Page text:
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Review | King’s Man – Inception (2021): With no destination, Matthew Vaughn ignores that less is more

In 2014, “Kingsman: Secret Service” surprised with jaw-dropping action scenes and excellent comedy timing. However, three years later,Kingsman: The Golden Circle” failed after an overdose of subplots. Trying to make amends with his flagship franchise, director Matthew Vaughn decides to take another path: to present the founding of the first independent intelligence agency in “King’s Man: Inception”. This time, the filmmaker shares the script with Karl Gajdusek (“oblivion”), and bets on an excellent cast for a work about historical elements and political movements.

The plot begins in 1902 in colonized South Africa. The Duke of Oxford (Ralph Fiennes), his wife Emily (Alexandra Maria Lara) and their son travel on behalf of the Red Cross to deliver supplies to a concentration camp. A sniper appears to kill the general in charge of the scene, but the bullet hits Emily. Shola (Djimon Hounsou), the family’s bodyguard, can’t do anything. A few years later, the Duke has turned into an overprotective father, who doesn’t let his son Conrad (Harris Dickinson) explore the world for fear of his safety.

Amid this gap of trust between father and son, a mysterious villain brings together Rasputin (Rhys Ifans), Mata Hari (Valerie Pachner), Erik Jan Hanussen (Daniel Brühl) and several other criminals for a plot of territorial domination involving fiction and the World War I history, such as the assassination of Franz Ferdinand, Archduke of Austria, and the political pressure that involved family ties across Europe — Kaiser Wilhelm II, Tsar Nicholas II and British King George V (all played by Tom Hollander) were first cousins ​​and all were part of Queen Victoria’s family.

One gets the impression that the director hasn’t decided whether the work directs his eyes to politics, espionage, war, drama or comedy, mainly because the film is a bit of all of these and, at the same time, doesn’t have a defined genre. Another issue that bothers is the fact that the identity of the main villain is a spoiler, revealed only in the third act. This makes him appear only in the shadows, acting only by voice at times, creating a Disney villain aesthetic with no layer beyond pure evil – not to mention that the plot twist is also not surprising.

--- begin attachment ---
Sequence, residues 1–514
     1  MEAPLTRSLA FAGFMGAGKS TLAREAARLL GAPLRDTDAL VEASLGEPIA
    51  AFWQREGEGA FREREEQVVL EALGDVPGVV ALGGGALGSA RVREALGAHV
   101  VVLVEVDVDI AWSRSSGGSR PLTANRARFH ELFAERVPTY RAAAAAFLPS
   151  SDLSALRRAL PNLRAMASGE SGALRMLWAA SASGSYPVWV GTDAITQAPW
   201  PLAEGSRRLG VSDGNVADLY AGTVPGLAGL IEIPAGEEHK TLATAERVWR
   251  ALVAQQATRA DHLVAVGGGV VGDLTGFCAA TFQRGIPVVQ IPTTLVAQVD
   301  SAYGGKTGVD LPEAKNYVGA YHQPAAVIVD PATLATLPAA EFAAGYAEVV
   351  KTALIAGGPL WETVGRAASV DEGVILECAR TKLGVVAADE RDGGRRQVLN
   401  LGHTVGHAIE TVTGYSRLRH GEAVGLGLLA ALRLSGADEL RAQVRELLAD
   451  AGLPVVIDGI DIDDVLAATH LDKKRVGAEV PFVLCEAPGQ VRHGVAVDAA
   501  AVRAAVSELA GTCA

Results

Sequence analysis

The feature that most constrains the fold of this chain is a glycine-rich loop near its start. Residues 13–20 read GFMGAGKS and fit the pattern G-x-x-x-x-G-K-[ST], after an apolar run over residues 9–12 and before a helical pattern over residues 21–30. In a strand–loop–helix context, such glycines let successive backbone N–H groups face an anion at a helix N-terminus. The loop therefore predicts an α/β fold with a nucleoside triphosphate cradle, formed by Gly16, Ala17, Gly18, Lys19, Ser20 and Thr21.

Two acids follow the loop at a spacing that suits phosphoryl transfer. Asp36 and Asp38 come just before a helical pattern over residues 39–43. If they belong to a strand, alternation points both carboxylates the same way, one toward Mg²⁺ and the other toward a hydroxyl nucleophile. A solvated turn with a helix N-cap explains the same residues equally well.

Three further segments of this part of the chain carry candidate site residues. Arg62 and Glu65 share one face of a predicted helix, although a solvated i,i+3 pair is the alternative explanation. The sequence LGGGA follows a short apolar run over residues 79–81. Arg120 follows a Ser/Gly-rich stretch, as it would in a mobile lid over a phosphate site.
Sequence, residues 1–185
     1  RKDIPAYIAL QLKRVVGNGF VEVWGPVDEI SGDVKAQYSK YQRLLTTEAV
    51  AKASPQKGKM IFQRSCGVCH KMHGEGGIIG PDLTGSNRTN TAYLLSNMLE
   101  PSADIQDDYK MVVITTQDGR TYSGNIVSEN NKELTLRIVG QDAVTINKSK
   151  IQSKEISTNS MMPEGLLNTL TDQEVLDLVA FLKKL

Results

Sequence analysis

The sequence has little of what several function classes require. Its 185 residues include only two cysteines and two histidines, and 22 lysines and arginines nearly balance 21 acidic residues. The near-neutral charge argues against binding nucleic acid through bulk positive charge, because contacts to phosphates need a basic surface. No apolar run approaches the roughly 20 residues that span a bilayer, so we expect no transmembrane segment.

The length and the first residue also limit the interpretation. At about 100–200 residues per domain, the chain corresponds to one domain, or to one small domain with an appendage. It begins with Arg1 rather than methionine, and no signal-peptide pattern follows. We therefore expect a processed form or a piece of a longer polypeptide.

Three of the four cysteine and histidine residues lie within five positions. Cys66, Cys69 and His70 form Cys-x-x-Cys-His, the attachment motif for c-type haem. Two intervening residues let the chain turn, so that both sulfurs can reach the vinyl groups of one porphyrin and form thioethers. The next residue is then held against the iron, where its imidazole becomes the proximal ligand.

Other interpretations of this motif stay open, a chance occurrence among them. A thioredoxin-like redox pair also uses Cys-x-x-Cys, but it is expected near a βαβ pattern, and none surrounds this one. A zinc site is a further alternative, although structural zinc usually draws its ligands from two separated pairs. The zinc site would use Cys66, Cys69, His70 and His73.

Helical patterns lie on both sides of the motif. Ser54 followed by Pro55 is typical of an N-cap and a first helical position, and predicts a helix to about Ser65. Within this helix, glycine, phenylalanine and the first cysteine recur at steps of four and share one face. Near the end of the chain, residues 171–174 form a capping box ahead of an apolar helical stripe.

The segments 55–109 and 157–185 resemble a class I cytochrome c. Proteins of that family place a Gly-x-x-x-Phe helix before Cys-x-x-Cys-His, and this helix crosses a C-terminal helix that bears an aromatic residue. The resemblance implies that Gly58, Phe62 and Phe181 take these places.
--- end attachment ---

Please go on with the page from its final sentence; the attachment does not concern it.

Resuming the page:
Trust is a theme that serves both the protagonists and the villains. The father doesn’t believe the son is ready to protect himself, while the villain needs the loyalty of his partners for the plan to be carried out. The insistence on this theme takes Conrad’s development to a repetitive place, like a record scratched always with the same argument of wanting to prove himself useful to his country and win his father’s trust with actions. Fiennes presents exactly what is expected of him and the character, a unique English etiquette, politics and refinement. Shola and Polly (Gemma Arterton), who have formed a network of domestics around the world and who help the protagonist, act as sidekicks for the journey, a good inclusion to not only focus on the plot between father and son.

The action scenes are few and far between, leaving the question of why the director didn’t bet on them more. The film takes itself seriously for far too long, so much so that Rasputin’s short appearances seem detached from another work. Rhys Ifans presents the excessively caricatured Russian mystic, which is lacking here. The fight scene between Shola and Rasputin, which features a dance choreography hidden in a confrontation, is the director’s face, very creative and well shot with dynamic camera accompaniment and a score that fits well with the action.

The work has a fast pace, largely because of the creative editing, with great transitions between scenes and Vaughn’s very authorial style of capturing close-ups. Even so, it is evident that the film has a belly and could have a shorter duration. “King’s Man: Inception” had everything to be a remarkable spin-off to the franchise, but it got stuck in its director’s indecision to present everything in a movie that wasn’t necessary. Historical fiction does enrich the script, but it does not direct the focus to the creation of Kingsman, the definitive argument for the existence of the feature film. It’s a shame to see such a quality material slowly getting lost.

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